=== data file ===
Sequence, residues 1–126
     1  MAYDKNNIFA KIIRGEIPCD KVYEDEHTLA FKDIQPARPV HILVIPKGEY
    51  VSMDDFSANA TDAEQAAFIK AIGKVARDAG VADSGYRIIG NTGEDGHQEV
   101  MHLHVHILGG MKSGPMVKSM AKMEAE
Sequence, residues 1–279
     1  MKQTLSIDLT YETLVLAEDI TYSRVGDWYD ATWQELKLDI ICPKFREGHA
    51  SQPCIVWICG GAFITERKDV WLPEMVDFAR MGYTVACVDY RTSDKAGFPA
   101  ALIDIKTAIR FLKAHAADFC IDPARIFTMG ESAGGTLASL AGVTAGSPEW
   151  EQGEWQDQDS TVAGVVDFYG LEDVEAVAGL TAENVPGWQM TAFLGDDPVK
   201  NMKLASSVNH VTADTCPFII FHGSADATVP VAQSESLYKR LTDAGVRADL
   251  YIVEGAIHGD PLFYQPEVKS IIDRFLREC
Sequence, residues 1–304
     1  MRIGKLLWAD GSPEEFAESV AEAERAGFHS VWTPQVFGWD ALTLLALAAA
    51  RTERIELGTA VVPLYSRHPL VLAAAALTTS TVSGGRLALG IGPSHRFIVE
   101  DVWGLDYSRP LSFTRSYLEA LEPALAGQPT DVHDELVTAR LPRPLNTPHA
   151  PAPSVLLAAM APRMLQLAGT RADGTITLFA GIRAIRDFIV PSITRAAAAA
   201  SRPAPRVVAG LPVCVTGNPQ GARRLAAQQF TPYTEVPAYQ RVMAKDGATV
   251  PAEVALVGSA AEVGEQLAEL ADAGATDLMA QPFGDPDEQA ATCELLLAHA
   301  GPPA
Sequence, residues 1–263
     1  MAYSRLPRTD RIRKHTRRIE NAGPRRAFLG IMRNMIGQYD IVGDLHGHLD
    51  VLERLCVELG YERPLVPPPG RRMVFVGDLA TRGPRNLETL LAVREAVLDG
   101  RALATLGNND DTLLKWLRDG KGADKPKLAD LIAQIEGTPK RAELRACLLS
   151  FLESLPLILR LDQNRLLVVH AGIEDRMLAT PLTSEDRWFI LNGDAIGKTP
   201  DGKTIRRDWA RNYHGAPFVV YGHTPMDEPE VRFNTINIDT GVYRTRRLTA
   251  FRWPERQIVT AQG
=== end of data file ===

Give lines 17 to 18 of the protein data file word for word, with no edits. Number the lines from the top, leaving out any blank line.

   201  SRPAPRVVAG LPVCVTGNPQ GARRLAAQQF TPYTEVPAYQ RVMAKDGATV
   251  PAEVALVGSA AEVGEQLAEL ADAGATDLMA QPFGDPDEQA ATCELLLAHA